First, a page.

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Russia’s recognition of the Donetsk and Lugansk People’s Republics (DLPR) sparked global outrage and triggered the first tranche of sanctions. Although Russian markets are closed for a public holiday, offshore trading shows continued selling of Russian USD debt.
There was no exchange of local currency OFZ Russian Sovereign Bonds today, but the more liquid $2047 Eurobond sold off again, with yields even higher by 50 basis points near 6.00%. In light of new bans on trading Russian sovereign bonds in the secondary market, for new debt issued from March 1, investors will be watching the performance of OFZs closely when they reopen tomorrow.
Prior to the announcement of the sovereign debt sanction, non-residents held 2.8 tr RUB ($35.3 billion), or about 18% of the overall OFZ market. Russia is currently experiencing the fifth consecutive month of foreign portfolio outflows from OFZ.
the ruble initially took the new sanctions in stride, but remains vulnerable.
Merchandise factored in a fairly large risk premium as tensions between Russia and Ukraine escalate. This is no surprise, given how powerful Russia is when it comes to raw materials. This is particularly the case for crude oil, natural gas, palladium, platinum, nickel, aluminum and wheat. The fear was that any sanctions from the West could potentially disrupt export flows for these commodities, at a time when a number of these markets are already stretched and trading at multi-year highs.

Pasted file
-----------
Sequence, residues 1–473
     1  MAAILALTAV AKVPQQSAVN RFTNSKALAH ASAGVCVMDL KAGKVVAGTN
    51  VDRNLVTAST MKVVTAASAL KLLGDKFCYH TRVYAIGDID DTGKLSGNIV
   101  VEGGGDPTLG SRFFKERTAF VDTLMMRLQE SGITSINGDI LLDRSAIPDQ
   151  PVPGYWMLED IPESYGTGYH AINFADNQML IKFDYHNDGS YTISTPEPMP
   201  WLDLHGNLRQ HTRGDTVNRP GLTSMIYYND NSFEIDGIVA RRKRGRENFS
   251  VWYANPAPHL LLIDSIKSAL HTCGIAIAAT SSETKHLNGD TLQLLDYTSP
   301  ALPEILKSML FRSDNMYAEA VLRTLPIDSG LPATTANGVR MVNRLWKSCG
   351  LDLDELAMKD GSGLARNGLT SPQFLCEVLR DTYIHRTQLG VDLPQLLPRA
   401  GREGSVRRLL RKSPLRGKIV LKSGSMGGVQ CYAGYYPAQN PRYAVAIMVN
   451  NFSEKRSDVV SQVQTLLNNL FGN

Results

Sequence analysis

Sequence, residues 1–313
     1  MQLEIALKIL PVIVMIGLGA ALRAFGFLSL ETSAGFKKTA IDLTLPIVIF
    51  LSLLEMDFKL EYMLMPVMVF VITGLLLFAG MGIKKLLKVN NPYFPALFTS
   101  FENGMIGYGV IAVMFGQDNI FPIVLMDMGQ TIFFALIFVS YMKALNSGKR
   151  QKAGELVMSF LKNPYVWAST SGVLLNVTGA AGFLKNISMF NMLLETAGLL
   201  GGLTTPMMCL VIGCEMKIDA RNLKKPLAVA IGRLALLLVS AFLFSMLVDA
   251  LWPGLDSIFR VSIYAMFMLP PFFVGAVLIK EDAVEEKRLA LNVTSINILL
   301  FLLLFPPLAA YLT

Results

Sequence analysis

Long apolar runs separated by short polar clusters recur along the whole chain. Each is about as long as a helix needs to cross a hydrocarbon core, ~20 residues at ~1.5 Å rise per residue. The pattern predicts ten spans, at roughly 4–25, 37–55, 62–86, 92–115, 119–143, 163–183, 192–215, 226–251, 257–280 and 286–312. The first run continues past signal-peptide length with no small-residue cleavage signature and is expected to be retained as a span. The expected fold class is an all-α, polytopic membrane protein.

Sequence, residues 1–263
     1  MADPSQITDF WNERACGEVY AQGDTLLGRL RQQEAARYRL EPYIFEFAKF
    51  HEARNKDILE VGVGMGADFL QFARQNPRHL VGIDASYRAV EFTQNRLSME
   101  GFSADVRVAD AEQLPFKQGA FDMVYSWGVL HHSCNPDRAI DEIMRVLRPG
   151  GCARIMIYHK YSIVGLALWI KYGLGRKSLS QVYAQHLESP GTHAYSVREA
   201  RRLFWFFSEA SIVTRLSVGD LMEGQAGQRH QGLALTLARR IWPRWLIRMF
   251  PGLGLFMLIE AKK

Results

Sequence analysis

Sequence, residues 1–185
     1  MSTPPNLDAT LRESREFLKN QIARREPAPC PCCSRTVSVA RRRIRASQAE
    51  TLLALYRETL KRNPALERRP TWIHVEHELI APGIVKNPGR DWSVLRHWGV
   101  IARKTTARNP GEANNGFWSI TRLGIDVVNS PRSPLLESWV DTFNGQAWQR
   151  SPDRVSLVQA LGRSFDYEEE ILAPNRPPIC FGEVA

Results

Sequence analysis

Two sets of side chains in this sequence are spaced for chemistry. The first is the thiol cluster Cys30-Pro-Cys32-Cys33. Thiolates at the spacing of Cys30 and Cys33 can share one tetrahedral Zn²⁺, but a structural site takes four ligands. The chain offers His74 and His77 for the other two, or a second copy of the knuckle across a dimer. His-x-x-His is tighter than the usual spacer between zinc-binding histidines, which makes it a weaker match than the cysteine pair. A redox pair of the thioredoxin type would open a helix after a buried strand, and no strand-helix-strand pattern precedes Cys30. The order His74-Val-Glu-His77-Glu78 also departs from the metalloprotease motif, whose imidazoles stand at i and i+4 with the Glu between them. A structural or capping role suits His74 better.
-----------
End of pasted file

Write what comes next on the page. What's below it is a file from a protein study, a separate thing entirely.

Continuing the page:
However, the sanctions announced so far are expected to have little to no impact on most of these commodities. Therefore, it is not surprising that we have seen the markets for oil and certain metals (aluminum and nickel) trading lower from their recent highs. But, given that there are still many uncertainties as to how the situation will develop, we expect the markets to continue to price in a fairly large risk premium, especially as the current tensions on a a number of these markets make them more vulnerable to supply. shocks.
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